The nights are hard, but the nights before big days are hardest. Tonight I have put a child to bed excited to dream her last dreams as a seven year old: tomorrow she will wake for the first time as an eight. Many times tomorrow she will miss him here, but the excitement and novelty of a birthday will outride her emotional anxieties. There will be presents and pancakes, school giggles and attention. There is comfort in her joy, but beside there is a huge, yawning void, a space no ribbons can fill, a hole of the saddest kind growing each year in depth and intensity. She was five when he died and that was three years ago.
I stare into this hole alone; I cannot delight in these days. It is all too sad. He is not here to share with me the joy in our daughter being eight and everything that is eight. She is so different to the girl she was the last time he saw her and yet she is exactly the same. She is not mine, she is ours, and he is ours, yet he isn’t. Birthdays leave me numb, grateful for the rhythm of the routine, I fall in with the beat and I breathe and I move, I do everything in my power to make her feel as special as she is. I know how lucky we are to have her, this creation of ours, this extraordinary child and her extraordinary sister. I know she will wish on her birthday candles for her dad to come back. Will she still wish as hard as the magic in childhood fades with age? I feel the longing to have him here with us redouble each year.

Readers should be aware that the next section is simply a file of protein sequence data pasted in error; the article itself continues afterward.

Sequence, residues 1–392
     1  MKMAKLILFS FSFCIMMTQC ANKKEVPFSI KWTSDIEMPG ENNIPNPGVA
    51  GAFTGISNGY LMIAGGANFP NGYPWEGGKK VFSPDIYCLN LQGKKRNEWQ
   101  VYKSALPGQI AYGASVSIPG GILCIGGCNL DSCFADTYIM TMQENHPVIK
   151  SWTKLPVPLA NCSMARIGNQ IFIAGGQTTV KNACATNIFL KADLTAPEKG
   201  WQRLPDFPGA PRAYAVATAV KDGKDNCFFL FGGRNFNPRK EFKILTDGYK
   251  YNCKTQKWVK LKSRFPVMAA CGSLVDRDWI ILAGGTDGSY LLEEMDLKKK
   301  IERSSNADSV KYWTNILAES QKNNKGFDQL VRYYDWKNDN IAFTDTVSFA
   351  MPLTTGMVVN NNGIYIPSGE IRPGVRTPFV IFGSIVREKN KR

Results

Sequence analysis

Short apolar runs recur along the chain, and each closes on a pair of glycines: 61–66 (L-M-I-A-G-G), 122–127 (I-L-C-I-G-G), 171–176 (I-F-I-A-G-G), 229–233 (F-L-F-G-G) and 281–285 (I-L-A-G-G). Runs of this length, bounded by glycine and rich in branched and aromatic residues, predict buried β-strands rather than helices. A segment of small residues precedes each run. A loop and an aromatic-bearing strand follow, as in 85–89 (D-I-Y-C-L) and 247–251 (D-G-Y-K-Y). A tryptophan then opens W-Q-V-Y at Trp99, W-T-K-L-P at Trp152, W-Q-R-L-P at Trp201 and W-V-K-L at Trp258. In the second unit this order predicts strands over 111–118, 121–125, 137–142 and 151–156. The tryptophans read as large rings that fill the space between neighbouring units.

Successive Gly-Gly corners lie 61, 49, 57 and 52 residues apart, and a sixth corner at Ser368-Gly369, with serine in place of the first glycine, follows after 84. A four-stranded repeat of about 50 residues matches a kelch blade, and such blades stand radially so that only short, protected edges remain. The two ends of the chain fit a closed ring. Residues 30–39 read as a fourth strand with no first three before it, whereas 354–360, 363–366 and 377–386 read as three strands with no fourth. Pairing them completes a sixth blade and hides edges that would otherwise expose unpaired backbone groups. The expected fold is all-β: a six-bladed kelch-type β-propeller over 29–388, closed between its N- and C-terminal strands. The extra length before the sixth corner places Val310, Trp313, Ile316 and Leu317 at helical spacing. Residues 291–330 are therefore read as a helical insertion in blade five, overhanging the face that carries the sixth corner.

Now I assemble the presents (drum pads, a Venus fly trap), and prepare for the pancakes (Nutella of course, and strawberries). But also now I share my sorrow with the darkness of this rainy night and say Keith, my love: I wish you were here.